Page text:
I’ve been curious about using the Bureau of Land Management’s MLRS site https://mlrs.blm.gov/s/ to figure out where to go detect on open lands in heavily claimed areas, and I’ve noticed that it does show some “active claims” on the maps highlighted with red crosshatching, but it doesn’t show “active claims” in other areas at all. It’s strange because the map key includes a code for active load and active placer claims, in addition to closed ones. I’ve heard that it’s because BLM hasn’t caught up on the records yet, but does anyone know why otherwise? I hope it becomes available because that would be a wonderful feature instead of having to get records from their offices.
By Reno Chris
I had posted in another thread about how many prospectors do not take the time to accurately pinpoint and therefore spend a lot of unnecessary time chasing their target, resulting in less gold found. I thought it might be better to have a clean thread specifically on the topic.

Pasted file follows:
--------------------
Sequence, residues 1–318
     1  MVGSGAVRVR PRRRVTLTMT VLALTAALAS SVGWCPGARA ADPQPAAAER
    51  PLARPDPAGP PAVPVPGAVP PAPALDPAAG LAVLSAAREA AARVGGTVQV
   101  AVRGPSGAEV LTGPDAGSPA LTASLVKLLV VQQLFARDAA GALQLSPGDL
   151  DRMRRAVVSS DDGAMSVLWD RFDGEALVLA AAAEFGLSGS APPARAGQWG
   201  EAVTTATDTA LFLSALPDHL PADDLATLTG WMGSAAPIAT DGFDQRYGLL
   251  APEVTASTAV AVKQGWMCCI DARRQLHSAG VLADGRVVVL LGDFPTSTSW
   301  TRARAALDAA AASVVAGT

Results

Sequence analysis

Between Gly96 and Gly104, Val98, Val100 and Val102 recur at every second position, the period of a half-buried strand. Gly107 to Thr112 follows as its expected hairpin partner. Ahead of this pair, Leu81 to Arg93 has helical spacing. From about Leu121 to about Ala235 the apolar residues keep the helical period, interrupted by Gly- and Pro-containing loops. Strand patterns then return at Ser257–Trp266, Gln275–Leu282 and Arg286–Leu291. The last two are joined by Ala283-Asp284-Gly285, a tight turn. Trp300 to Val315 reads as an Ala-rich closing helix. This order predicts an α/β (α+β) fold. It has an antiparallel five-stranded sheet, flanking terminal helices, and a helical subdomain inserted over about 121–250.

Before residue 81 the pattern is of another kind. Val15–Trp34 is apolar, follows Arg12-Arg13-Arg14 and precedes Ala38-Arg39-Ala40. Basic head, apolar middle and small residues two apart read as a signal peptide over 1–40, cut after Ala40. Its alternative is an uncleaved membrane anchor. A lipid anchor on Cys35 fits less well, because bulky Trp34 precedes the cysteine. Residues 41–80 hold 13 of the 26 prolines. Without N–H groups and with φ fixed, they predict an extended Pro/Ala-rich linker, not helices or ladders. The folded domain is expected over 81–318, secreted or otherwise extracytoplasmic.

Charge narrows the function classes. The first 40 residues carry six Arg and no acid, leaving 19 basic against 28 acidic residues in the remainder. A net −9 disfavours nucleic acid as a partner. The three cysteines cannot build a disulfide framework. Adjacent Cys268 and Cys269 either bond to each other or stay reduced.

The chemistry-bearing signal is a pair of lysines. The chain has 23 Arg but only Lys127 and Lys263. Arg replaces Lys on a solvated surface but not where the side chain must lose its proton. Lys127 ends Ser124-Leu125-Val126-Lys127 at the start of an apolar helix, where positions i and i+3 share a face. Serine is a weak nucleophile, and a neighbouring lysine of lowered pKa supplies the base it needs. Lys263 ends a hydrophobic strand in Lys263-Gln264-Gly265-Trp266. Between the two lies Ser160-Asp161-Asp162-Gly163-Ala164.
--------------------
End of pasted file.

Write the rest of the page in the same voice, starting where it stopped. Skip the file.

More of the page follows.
Its important because taking an extra 30 seconds to pinpoint a target carefully can save 5 minutes or more of digging and chasing. Multiply 5 minutes per target (more or less) by 20 or more targets a day and it really adds up. Plus the less time you spend digging and chasing your targets, the more time you spend actually searching for gold. This means you will be able to detect and find more targets in a day resulting in more gold produced.
Geof_junk had suggested a method described by Garrett to make a 90 degree X